Clinton should promise to do everything in her power to reverse this trend, up to and including fostering a cultural shift among her own close advisers. Sorry, Philippe Reines, it’s a sunshiny new attitude for you, or take it on the arches.
2. Back off whistle-blowers and the journalists with whom they work.
It’s understandable that any White House would want to keep a lid on some sensitive national security matters. But the Obama administration, after promising to provide whistle-blowers with certain protections for those who go through “proper channels,” has become best known for their feral crackdown on whistle-blowers who don’t blow that whistle just the way the White House likes. And what has it accomplished? A 2013 New York Times headline says it all: “Math Behind Leak Crackdown: 153 Cases, 4 Years, 0 Indictments.”
Meanwhile, as ProPublica reported, a by-product of this crackdown has been a toxic relationship with journalists:
The administration has also targeted journalists. In May, it was revealed that the Department of Justice had secretly seized AP reporters’ phone records while investigating a potential CIA leak, and targeted a Fox News reporter as part of a criminal leak case (outlined below). No journalist has been charged with a crime. But the news prompted an outcry that Obama’s hard line on leaks could have a “chilling effect” on investigative reporting that depends on inside sources. (In response, the Justice Department issued new guidelines limiting when journalists’ records can be sought.)
Clinton should pledge to provide a more open environment where whistle-blowers can serve taxpayer interests in partnership with a Clinton White House, and in which journalists don’t get the KGB treatment when they’re doing their job.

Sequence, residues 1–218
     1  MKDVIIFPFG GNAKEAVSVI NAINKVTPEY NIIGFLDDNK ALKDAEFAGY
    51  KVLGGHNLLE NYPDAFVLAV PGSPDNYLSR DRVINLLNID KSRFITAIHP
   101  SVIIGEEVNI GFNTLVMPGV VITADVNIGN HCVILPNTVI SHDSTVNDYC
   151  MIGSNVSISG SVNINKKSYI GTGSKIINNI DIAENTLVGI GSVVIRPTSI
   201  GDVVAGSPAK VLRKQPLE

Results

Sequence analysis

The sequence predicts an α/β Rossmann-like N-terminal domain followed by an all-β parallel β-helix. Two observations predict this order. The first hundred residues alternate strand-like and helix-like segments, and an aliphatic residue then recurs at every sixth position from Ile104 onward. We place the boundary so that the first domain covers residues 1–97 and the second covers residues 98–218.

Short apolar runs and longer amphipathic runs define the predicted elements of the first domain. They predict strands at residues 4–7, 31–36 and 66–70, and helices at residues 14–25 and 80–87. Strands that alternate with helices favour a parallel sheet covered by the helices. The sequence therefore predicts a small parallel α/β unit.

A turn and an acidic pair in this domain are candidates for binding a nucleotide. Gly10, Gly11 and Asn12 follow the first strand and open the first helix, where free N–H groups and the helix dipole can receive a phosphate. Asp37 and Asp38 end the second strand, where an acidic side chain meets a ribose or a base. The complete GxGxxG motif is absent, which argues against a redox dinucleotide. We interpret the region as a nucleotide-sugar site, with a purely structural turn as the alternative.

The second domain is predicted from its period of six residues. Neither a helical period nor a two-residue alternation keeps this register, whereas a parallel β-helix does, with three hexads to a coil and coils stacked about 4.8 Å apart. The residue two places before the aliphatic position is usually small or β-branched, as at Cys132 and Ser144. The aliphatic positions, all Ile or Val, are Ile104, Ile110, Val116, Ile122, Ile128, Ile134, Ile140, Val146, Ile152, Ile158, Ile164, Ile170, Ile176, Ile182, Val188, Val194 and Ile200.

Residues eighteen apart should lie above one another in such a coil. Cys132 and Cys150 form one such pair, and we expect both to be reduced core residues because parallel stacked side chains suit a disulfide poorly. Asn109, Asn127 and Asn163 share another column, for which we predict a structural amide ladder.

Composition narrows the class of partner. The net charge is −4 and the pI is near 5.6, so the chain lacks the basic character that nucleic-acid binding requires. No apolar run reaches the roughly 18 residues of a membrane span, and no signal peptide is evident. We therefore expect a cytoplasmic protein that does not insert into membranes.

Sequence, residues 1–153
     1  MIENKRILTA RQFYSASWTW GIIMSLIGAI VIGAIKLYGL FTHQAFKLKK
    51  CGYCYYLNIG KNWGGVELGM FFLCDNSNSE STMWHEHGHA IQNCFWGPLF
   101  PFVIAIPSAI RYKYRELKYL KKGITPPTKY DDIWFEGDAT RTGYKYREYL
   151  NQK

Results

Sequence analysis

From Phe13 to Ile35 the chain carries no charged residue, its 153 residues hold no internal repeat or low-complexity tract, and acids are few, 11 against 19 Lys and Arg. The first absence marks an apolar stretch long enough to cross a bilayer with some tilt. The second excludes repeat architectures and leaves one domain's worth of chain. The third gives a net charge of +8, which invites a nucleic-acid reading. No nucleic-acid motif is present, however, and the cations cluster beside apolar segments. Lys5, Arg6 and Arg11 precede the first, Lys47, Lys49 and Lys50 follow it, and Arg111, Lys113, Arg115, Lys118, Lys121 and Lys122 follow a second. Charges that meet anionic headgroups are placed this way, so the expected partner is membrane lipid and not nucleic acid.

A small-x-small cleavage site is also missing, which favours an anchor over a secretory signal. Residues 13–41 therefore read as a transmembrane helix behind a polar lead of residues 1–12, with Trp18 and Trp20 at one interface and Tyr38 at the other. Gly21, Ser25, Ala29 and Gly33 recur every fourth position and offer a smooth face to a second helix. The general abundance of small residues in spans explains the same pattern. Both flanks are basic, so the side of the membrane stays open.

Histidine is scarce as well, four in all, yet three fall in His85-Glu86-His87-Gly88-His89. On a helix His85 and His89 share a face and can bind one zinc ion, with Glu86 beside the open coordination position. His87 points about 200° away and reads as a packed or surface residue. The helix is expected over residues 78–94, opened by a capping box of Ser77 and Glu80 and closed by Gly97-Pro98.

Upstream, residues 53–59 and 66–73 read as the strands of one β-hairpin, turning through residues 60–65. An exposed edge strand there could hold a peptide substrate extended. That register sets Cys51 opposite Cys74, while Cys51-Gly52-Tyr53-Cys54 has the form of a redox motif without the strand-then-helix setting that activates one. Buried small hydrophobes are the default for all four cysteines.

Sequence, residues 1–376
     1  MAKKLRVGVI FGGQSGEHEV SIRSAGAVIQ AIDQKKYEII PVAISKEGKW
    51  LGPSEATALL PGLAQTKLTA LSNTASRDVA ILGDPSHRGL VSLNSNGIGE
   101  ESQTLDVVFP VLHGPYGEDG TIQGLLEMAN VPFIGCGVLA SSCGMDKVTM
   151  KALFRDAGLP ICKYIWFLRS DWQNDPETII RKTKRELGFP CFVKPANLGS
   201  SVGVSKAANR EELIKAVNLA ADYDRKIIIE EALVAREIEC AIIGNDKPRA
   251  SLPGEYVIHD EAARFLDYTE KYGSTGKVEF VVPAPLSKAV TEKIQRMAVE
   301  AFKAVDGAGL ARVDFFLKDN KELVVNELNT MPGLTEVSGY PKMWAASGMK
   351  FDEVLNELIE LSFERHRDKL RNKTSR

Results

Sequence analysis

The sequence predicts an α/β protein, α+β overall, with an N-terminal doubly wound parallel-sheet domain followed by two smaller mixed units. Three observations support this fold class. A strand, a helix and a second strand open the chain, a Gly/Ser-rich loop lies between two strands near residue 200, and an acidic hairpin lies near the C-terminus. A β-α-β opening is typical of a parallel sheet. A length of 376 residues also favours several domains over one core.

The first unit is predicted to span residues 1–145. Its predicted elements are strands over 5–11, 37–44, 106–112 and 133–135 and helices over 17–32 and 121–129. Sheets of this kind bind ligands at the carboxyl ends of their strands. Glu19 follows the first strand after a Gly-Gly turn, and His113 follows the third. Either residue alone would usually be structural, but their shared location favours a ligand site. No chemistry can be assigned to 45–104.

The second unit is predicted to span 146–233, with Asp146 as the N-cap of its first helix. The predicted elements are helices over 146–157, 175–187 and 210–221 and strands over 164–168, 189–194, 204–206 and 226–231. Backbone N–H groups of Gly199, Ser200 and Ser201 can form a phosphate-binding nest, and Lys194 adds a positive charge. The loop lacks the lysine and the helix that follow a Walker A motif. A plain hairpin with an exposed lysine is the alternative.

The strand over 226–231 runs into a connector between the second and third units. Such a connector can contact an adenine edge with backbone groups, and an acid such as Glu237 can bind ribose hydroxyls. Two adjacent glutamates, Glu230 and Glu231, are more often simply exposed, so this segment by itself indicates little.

3. Close the loopholes in the “open meetings law.”
As the Washington Post’s Jason Ross Arnold noted in March 2015, the Obama administration has only offered “checkered support” for something called the Federal Advisory Committee Act, “widely known as the open meetings law.” Per Arnold:
The administration did not try to sidestep FACA as frequently as some of its predecessors, but officials have played word games, such as calling private-sector participants on the post-Newtown, Conn., gun control task force “consultants” instead of “members.” That helped the administration conceal meeting records and member names.
The administration also has deployed other evasive tactics, including simply ignoring FACA. Officials have liberally utilized FACA’s court-validated loopholes, FOIA exemptions and the classification stamp to close more than 60 percent of committee meetings to the public — about the same number as under the Bush administration.
This should be an easy fix and an obvious promise to make.
4. Get the Cabinet agencies in compliance with the Open Government Directive.
As the Sunlight Foundation’s Alex Howard reported last week, “2,473 days after President Barack Obama issued an Open Government Directive, half of the 15 Cabinet agencies of the United States have not complied with the most basic aspect of the executive order: publishing an open government plan on their open website.”
While the guidance that the White House provided asked the right questions, the lack of answers from the agencies not only calls into question the Obama administration’s commitment to open government but the extent to which its legacy will be baked into the next administration. When the Office of the U.S. Trade Representative has an empty/open page, with no plan, contact information, FOIA data or progress report of any kind, it leaves the public with an understandable impression that the executive order by the President of the United States has no teeth.
Clinton should make it clear to her own agency heads that executive orders governing their transparency practices will have teeth.
5. Make a real commitment to the White House Press Corps.
Obviously, it’s only natural for any presidential administration to have a semi-adversarial relationship with the dedicated watchdogs who ply their trade in the White House Press Room. Clinton’s future press secretary will appear behind the lectern, parrying questions, offering the best possible spin, and getting into arguments. The press will push and probe right back. It won’t always be friendly, and it’s not supposed to be.